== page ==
PLC programming so machine basic

Discussion in 'Embedded Systems and Microcontrollers' started by novaquie, Jul 27, 2015.

  1. novaquie

    Thread Starter New Member

    Jul 27, 2015
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    Hi Guys.

    I hope you can help me out.

    I have laser sensor that measures the distance as you move close or far from a fixed object.

    This is an analogue output sensor.

    I have several problems with this.

    1) I am not sure if I did the wiring in the right way.

    2) I am not quite sure how to do the code in ladder so the software can read the analogue input when simulating.
    I have read that this is done by scaling the input but sadly most examples are in FBD and the software uses IL and Ladder. I am more proficient with ladder anyways.

    I am using and M221 PLC with a analogue expansion module TM3AI2H and the sensor is XUK8TAE2MM12.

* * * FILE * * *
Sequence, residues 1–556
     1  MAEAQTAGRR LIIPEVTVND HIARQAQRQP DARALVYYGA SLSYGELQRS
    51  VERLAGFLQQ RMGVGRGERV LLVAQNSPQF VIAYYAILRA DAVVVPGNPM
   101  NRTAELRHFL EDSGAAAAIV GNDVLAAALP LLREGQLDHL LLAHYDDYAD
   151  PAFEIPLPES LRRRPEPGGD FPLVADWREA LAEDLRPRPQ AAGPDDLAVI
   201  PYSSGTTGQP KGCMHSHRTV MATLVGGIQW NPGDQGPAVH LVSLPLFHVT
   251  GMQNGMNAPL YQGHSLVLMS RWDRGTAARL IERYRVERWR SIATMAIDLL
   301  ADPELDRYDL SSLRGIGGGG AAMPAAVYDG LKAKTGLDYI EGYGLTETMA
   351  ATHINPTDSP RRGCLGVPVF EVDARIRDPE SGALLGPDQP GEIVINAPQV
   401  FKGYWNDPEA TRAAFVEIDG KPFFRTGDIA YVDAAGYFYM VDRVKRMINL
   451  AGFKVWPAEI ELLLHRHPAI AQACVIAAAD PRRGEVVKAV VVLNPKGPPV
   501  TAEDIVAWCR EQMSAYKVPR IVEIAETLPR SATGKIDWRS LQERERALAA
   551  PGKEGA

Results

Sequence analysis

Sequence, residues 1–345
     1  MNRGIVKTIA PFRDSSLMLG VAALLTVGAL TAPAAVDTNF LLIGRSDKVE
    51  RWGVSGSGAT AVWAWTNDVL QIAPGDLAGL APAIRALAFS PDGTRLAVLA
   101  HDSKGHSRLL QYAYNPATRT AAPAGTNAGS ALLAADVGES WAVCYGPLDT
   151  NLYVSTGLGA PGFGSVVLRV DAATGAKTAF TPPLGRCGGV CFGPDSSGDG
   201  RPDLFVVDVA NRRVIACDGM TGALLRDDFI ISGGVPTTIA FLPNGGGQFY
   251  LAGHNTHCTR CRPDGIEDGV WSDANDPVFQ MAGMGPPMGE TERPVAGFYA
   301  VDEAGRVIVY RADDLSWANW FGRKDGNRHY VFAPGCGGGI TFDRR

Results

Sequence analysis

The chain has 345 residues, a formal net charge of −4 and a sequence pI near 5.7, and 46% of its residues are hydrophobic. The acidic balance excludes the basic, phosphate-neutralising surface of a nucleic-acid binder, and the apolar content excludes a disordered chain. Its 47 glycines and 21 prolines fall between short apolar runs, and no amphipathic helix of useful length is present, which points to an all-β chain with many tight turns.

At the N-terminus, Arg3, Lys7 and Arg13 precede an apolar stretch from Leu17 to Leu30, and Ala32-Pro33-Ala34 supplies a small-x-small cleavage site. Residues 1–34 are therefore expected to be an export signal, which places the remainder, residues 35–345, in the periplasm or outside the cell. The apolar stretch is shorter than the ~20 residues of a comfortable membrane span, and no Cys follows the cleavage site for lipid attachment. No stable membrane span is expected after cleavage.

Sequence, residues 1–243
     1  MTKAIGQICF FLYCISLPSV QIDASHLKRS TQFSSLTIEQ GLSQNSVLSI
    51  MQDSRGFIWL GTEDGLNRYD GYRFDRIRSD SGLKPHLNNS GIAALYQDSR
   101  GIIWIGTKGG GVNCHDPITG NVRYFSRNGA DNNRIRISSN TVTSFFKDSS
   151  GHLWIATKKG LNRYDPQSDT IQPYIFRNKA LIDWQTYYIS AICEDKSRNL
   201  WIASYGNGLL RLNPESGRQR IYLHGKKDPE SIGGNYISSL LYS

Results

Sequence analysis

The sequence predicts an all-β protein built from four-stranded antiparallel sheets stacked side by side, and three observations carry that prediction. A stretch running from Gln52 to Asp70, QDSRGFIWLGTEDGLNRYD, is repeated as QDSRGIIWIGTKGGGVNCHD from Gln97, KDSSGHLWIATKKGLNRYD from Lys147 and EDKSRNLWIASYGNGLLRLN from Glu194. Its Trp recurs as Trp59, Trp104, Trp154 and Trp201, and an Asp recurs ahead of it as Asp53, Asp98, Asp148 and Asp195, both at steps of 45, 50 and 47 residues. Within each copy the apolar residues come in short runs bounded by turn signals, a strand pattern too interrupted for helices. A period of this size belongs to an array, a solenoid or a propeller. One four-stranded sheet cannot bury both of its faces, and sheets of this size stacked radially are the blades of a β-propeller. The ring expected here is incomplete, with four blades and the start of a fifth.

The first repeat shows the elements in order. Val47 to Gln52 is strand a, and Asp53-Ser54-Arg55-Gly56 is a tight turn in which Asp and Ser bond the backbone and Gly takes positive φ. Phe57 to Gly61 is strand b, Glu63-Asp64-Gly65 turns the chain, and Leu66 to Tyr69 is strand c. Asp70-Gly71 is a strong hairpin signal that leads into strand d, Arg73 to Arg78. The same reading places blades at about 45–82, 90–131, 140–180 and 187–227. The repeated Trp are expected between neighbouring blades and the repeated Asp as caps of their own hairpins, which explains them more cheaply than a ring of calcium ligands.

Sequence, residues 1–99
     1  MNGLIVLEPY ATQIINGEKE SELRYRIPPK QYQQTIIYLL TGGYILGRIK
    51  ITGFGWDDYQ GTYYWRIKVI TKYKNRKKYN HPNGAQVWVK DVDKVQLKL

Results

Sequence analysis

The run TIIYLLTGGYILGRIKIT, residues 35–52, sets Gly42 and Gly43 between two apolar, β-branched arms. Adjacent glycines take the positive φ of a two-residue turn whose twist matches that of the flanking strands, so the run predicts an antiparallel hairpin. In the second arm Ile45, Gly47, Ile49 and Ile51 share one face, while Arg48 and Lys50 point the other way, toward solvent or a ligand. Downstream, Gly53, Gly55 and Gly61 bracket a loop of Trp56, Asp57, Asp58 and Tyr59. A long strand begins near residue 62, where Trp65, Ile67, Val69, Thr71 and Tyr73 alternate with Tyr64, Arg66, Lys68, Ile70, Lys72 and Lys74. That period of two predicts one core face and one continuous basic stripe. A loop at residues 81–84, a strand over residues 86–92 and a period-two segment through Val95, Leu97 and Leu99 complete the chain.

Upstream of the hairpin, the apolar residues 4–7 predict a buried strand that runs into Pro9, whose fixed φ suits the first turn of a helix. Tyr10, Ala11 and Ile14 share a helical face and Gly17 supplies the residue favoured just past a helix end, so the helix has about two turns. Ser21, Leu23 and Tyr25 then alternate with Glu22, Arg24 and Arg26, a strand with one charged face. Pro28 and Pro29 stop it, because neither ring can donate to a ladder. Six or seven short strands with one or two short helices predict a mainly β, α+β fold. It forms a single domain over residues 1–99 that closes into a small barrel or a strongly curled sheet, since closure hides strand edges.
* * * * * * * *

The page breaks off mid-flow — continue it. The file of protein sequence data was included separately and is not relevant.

Thanks.
     
  2. panic mode

    Senior Member

    Oct 10, 2011
    1,319
    304
    have not seen this topic but....

    1. I hope you did not get the idea of powering it up (unless you have endless supply of sensors or at least get them very cheap). read the datasheet for sensor:
    brown = +24VDC
    blue = 0VDC
    black = digital out
    white = analog out
    btw. this is common since wire colors are standardized
    to test sensor you need to power it and measure output (this can be done even without PLC, to see if sensor is ok)
    next step is to identify output type for your analog. according to datasheet XUK8TAE2MM12 has 4..20mA output so you need analog input card with same range. TM3AI2H supports various ranges so again, reading documentation is your friend.

    2. no idea what you mean here... either you read signal or simulate it, you cant have both. (unless there is something about Schneider, its been 20 years since I used their product..)
    what example do you need? when reading analog signal you need to ensure proper scaling to get meaningful value in units you like.
    simple linear scaling can be done using following equation: